The Mustard Seed Art Company in its 29th year brings to the Goan audience a brand new play ‘All Those Pipe Dreams’. Ahead of the staging of the play, NT BUZZ catches up with the founder Isabel Santa Rita Vas to talk about the play, theatre, and society in general.
Janice Rodrigues| NT BUZZ
Art is a reflection of society and very often things seen around in society find their expression in the various forms of art. This is true in the case of theatre as well and playwright Isabel Santa Rita Vas, has never shied away from incorporating the nuances of society into her plays. Her amateur theatre group, The Mustard Seed Art Company in its 29th year of staging plays has been experimenting and performing since 1987. The company will stage its forthcoming play ‘All Those Pipe Dreams’ this weekend.
Talking about the play Vas says the idea and theme is taken from something that has always been a part of her consciousness. “The theme of the play revolves around people’s dreams and ideals,” says Vas. The play set in a typically Goan neighbourhood and revolves around a family who has just shifted into an ancestral house. “The father, who has been working abroad, returns and buys an old heritage house in a village. Living in this house the family finds that it offers them many surprises, and treasures that they have not dreamt of,” says Vas. The house is so intricately woven into the script that it becomes a character itself.
Keeping with the title of the play, the central narrative revolves around dreams and ambitions. “The house plays a very important role. In fact, all the characters’ dreams and aspirations and ambitions become more acute and pronounced in the house,” says Vas.
There is a very small cast of four characters for this play. The father, Caitano Manuel Soares played by Kiran Bhandari; the mother Dissolvina Esmeralda Maria Soares played by Kanchi Mehta; their daughter Sonali played by Marisse Bhobe and her boyfriend Nitish Godiwala played by Nigel Khamkar. “There is the father, who has returned from abroad and wants to start a restaurant, the wife who is not really interested in the husband’s dream and has her own issues, their daughter who has dreamt of becoming an artist and its only in the house that she achieves the power to pursue her art, and has left home to start a career and then there’s the daughter’s boyfriend who comes to look for his girlfriend. They all meet in the house and thus begins the interactions with the characters in relation with the house, which is the fifth character,” says Vas.
Speaking about the house, when asked if she chose any particular house when doing the set, Vas responds: “Not a specific house, but there are elements that I have seen in various houses in Goa. They have become a part of my thinking process. The heritage houses in Goa have many layers, they have been built over hundreds of years and they always provide surprises.”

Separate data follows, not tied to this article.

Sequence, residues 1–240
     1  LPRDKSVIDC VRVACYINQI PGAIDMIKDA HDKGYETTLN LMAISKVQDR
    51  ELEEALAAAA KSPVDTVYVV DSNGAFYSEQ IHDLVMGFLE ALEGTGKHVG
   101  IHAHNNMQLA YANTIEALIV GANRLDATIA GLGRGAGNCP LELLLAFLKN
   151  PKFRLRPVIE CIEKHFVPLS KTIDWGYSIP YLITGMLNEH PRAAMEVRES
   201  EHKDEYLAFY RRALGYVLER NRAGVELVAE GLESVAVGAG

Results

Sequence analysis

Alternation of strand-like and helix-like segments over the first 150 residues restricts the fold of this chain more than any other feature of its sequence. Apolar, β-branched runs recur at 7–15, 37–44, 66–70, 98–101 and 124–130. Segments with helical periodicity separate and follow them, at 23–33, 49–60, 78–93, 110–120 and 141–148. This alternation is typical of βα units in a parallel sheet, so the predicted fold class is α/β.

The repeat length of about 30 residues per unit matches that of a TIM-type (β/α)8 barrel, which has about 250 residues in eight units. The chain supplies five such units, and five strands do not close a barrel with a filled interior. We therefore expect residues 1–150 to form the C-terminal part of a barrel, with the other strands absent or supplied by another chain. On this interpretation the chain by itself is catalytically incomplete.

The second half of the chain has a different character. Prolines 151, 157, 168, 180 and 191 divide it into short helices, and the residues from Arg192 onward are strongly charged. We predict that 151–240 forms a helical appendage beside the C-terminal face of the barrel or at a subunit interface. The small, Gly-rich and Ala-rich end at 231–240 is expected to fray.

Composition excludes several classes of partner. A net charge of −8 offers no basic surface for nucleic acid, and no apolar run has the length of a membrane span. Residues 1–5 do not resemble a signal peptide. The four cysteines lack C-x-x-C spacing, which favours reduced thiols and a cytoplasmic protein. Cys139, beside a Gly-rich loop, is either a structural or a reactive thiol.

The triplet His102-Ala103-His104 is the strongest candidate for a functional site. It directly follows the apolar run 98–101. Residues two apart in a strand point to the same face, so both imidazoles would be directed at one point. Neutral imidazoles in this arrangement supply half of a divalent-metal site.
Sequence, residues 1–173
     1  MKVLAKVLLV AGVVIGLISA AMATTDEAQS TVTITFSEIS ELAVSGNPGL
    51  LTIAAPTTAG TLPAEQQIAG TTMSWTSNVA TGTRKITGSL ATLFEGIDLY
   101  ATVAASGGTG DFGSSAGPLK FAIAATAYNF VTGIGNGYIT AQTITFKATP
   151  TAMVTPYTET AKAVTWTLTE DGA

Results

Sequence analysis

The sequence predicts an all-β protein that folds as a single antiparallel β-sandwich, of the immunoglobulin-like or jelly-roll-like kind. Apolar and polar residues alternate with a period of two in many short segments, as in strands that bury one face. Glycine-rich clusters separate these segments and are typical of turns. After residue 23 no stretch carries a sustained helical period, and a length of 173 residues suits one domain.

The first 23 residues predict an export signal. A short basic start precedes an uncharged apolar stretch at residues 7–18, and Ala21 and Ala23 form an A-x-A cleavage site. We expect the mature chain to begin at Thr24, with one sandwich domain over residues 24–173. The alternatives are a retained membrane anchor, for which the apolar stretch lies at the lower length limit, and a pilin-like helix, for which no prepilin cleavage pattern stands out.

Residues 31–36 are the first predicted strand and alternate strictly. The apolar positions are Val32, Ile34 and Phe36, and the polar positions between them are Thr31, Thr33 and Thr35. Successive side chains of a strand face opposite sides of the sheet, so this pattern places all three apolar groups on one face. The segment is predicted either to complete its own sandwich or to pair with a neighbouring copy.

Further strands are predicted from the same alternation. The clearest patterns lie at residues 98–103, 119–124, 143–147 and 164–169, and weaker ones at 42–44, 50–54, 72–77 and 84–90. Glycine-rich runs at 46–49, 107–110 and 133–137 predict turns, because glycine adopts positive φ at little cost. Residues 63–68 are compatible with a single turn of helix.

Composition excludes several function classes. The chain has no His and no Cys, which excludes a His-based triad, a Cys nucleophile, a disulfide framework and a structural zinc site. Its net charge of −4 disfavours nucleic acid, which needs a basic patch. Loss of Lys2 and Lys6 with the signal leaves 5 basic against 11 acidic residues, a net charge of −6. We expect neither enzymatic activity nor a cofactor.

While the theme of this play is about dreams and is located in the Goan landscape, Vas says that in the past she has made plays based elsewhere too. “Recently many of the plays have been centred in Goa, but we have had plays written about Rabindranth Tagore set in Bengal, Mozart in Austria. In the future I am planning to write a play about somebody in China. We do like to experiment and keep options open,” says Vas.
Themes, she says, varies as there is so much yet to be told through theatre. She explains her thought process when writing a story: “The themes haunt a writer over the years, but the actual story can come up in a much unexpected way, sometimes you can read something that triggers an idea, or you hear a conversation, the immediate trigger for a story is generally very unusual. There was a time when I used to look around and say, what can I tell? What story should I tell? Now I find that there is so much to be told, so many perspectives, so many people from different strata, and different interests. There are indeed so many stories waiting to be told.” Though Vas started the Company in 1987, she began writing only in 1992. With an average of staging two plays every year, the company has staged over 60 plays till date, some self produced, some adapted, like those of Indian writer Mahesh Dattani.
Thought she takes feedback when she is writing the play, once the group gets together to practise, she says they stick to the script. “Once the script is written, then we go by the script. A play that is written in meant to be staged,” she adds.
Since the company is an amateur group, it becomes difficult to get together sometimes to practice. “It is certainly not easy to get all the members together, but we are informal. It’s not easy but we’ve managed,” says Vas. She adds that the members often double up as actors, directors, and other members of the crew.
For this play the crew involves Israiel Sarvishta who has done the choreography for a couple of scenes that need stylised acting, the music for the two songs are provided by Schubert Cota while the lyrics are written by Mario Coelho and Isabel Vas, the sets are designed by Dean D’Cruz, lights provided by Dhananjay Phalkar, the art work is done by Craig Vaz and the script by Isabel S R Vas.
Being a freethinker, she believes that freedom of expression is necessary for the evolution of a society. “Freedom is absolutely necessary, without freedom how can a civilisation evolve. You need freedom to think freely and an atmosphere to express. It is good that people are demanding a right to speak and the as for the arts, if you go on censoring the arts, it’s very saddening,” she says.
(‘All Those Pipe Dreams’ will be staged on February 26 at Black Box Ravindra Bhavan, Vasco; February 27 at Goman Vidhya Niketan, Margao; and February 27 at Institute Menzes Braganza, Panjim. Tickets are available at Alex Cecol, Vasco; Optica Opticians, Margao; and Magsons Supercentre, Miramar.)